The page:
Skip to content

VS# 130 BRANCASTER NORFOLK Traditional Cache

This cache has been archived.

Hanoosh: As the owner has not responded to my previous log requesting that they check this cache I am archiving it.


Hanoosh - Volunteer UK Reviewer
Geocaching Guidelines
Geocaching Help Center
UK Geocaching Information

Hidden : 07/04/2014
2 out of 5
1 out of 5

Size: Size:   other (other)

Join now to view geocache location details. It's free!


How Geocaching Works

Please note Use of services is subject to the terms and conditions in our disclaimer.

Geocache Description:

 This sturdy carved sign show's a roman soldier, a viking ship and a wheel. The Roman name for the village is also displayed.

If anybody would like to expand to this series please do. I would just ask that you let SmokeyPugs know first so they can keep track of the Village Sign numbers and names to avoid duplication.

A petrified forest can be seen on the foreshore near Brancaster at low tide. It is about three-quarters of a mile west of the golf clubhouse and consists of material similar to compacted peat or brown coal (lignite).

There was a Roman fort and settlement here named Branodunum to the east of the modern village. The Saxon Shore fort and accompanying civilian settlemen (much of which was destroyed during the construction of a locally opposed housing development in the 1970s) is not visible and remains mainly unexcavated.

The wreck that can be seen off the harbour is the 1021grt coaster SS Vina which was used for target practice by the RAF before accidentally sinking in 1944. The Vina was built at Leith by Ramage & Ferguson in 1894 and was registered at Grangemouth. She was a coast-hugging general cargo ship which would have worked the crossings between the east coast of England and through to the Baltic states. As she neared the end of her useful seagoing life in 1940, Vina was requisitioned as a naval vessel for wartime use as a blockship, carrying a crew of 12. With Great Yarmouth being a strategic port on the east coast, the ultimate fate for the ship would have been to have had her hold filled with concrete and explosives and she would have been sunk at the harbour mouth, blocking entry in the event of a Nazi invasion. Once this threat passed, she was taken out of blockship service and towed up the east coast towards Brancaster where she was used as a target for the RAF before the planned invasion of Normandy in 1944. Originally anchored further out to sea as a target for cannon shell trials, she dragged her anchor on 20 August 1944, in a north-westerly gale and ran ashore. Numerous efforts have been made to remove the wreck from the sandbank as the ship is not only a danger to navigation, but also attracts holiday makers who walk out to the vessel's remains at low tide. Various parts have been removed and, in 1968, her bronze propeller was blown off by salvagers and floated across the harbour channel. Removal efforts have long been abandoned as uneconomic. Lives have been lost due to ill-advised attempts to reach the Vina as it is on the far side of a fast-flowing tidal harbour channel. Local lifeboats and RAF rescue helicopters have been pressed into service on many occasions.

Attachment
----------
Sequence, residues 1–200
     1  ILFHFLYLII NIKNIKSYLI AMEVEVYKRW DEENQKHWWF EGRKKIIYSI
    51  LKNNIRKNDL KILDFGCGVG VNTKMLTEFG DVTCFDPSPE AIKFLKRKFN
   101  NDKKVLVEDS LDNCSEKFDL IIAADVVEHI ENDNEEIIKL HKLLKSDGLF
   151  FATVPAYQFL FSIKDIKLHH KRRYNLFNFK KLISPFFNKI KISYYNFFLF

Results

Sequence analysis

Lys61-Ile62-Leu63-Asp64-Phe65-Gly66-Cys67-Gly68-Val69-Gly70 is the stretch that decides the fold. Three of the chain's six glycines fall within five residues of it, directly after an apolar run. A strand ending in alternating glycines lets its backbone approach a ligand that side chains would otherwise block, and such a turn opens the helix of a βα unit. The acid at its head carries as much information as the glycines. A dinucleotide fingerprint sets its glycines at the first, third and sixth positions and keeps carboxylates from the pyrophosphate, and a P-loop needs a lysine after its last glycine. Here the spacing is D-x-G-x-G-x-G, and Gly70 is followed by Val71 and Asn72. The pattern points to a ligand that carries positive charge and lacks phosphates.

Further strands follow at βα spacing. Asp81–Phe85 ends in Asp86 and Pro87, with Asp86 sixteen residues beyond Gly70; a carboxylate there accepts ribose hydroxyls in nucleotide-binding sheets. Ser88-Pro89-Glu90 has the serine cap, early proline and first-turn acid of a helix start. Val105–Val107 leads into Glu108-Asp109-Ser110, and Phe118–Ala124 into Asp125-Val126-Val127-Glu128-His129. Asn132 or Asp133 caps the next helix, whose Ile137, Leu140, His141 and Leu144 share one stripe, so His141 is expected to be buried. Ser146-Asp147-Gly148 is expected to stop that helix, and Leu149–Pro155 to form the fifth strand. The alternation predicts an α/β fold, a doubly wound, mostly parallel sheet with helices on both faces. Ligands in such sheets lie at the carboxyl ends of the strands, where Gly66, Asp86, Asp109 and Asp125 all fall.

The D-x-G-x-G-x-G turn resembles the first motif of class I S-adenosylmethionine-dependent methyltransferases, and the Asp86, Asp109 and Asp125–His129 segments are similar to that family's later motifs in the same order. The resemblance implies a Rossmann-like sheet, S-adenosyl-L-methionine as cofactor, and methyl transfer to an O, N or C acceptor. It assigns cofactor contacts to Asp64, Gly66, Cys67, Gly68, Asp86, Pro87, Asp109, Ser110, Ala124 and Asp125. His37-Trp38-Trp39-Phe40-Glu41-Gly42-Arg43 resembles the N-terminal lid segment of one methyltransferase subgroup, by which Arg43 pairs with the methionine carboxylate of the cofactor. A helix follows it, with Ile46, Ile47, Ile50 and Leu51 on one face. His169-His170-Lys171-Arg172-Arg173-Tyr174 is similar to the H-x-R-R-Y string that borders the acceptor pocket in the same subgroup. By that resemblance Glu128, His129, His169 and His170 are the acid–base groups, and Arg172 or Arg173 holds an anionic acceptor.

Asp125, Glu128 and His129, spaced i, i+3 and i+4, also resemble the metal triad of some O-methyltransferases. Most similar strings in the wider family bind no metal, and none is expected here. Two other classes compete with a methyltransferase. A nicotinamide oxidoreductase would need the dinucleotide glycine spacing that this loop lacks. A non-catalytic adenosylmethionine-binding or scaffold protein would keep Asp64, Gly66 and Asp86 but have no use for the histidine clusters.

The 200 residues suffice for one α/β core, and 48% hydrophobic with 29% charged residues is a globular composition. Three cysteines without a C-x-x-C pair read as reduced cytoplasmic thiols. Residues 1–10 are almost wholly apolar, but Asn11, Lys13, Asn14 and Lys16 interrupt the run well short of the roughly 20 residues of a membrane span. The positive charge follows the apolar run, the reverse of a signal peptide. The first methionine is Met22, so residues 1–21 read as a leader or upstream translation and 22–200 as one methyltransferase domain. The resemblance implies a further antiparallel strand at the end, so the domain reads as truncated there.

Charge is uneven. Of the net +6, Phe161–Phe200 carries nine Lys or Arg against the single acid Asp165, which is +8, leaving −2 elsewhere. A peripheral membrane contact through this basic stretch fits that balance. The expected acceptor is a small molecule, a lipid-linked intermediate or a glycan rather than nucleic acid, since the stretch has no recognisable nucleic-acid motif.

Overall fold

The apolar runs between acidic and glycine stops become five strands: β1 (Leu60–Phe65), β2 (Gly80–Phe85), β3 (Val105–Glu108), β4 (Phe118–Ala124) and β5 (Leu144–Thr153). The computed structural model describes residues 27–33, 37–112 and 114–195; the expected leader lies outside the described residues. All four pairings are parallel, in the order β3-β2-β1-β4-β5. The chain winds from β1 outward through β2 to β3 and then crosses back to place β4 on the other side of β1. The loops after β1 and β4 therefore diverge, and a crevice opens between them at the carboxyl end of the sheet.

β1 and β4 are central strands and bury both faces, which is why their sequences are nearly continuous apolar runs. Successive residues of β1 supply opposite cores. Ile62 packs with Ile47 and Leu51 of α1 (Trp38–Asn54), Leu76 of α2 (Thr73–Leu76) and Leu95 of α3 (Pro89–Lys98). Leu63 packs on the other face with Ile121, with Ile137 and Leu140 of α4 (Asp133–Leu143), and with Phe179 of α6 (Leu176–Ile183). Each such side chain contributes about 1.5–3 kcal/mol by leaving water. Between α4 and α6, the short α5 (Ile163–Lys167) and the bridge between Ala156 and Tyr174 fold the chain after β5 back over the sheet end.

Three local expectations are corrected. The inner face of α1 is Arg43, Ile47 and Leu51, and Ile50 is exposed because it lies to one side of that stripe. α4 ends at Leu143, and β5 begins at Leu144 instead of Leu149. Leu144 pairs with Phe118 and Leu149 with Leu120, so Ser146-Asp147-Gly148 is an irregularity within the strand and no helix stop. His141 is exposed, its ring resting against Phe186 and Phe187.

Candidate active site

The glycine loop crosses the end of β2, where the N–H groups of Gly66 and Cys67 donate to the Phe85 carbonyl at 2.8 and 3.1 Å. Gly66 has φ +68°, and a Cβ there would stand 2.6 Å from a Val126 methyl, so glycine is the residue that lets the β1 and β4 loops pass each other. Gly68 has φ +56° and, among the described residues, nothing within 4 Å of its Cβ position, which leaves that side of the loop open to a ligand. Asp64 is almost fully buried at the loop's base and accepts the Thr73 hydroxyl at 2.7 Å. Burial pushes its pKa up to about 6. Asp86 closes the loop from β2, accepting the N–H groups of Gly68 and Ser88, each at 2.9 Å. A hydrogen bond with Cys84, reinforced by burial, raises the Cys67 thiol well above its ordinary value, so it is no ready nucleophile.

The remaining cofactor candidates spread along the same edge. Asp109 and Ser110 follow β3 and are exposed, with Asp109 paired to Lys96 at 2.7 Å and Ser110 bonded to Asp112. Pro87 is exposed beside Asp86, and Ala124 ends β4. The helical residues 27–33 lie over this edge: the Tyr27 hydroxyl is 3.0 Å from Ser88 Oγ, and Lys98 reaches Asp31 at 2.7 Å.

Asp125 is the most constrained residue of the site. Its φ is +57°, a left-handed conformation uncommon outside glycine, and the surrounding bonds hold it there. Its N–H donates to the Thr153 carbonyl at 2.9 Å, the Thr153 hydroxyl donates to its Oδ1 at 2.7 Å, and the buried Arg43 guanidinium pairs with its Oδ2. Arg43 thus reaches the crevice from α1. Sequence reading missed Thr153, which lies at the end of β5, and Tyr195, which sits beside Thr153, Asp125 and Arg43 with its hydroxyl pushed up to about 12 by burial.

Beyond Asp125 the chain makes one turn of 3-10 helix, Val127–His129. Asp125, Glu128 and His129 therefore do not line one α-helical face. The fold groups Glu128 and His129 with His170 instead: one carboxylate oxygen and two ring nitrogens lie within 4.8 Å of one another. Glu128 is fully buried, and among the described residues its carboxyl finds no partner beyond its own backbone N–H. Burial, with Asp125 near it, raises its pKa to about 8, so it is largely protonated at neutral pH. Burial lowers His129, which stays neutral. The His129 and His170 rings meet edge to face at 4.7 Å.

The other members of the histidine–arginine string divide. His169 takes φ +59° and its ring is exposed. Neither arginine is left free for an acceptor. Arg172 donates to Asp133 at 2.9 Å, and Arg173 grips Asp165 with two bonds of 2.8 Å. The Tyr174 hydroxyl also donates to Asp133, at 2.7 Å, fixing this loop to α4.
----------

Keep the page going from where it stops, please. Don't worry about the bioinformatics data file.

A warning sign on the wreck advises anyone reaching it to return to the beach immediately.

Additional Hints (Decrypt)


Decryption Key


(letter above equals below, and vice versa)